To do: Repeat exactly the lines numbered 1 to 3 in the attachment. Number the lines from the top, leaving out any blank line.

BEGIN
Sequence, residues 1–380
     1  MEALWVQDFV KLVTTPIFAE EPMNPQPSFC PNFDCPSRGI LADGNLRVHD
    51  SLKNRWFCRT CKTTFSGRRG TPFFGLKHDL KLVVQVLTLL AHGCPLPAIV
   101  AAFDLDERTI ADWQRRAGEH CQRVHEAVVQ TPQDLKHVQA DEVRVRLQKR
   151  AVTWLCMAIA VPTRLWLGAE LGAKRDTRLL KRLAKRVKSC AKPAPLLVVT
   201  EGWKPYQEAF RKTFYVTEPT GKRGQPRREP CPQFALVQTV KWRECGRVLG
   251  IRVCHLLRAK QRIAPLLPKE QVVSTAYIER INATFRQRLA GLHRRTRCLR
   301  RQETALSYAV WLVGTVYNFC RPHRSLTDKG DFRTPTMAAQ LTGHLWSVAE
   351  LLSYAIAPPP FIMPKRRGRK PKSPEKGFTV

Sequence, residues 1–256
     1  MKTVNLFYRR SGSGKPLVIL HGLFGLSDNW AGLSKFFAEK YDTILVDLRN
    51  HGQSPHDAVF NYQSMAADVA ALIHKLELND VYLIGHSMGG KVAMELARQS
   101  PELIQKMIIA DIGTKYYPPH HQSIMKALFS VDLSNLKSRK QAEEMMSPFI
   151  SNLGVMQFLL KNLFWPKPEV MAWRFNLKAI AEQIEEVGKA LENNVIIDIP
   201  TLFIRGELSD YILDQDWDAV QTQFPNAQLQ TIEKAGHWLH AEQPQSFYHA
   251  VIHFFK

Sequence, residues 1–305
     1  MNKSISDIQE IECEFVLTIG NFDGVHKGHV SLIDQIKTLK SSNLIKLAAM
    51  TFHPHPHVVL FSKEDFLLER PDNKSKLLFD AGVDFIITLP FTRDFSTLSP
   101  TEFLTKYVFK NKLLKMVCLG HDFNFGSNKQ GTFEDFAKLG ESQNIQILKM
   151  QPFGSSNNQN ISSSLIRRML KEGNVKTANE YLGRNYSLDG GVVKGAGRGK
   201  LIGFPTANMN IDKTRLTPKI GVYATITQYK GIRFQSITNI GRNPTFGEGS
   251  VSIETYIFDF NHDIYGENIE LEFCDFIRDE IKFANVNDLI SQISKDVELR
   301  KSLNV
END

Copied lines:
Sequence, residues 1–380
     1  MEALWVQDFV KLVTTPIFAE EPMNPQPSFC PNFDCPSRGI LADGNLRVHD
    51  SLKNRWFCRT CKTTFSGRRG TPFFGLKHDL KLVVQVLTLL AHGCPLPAIV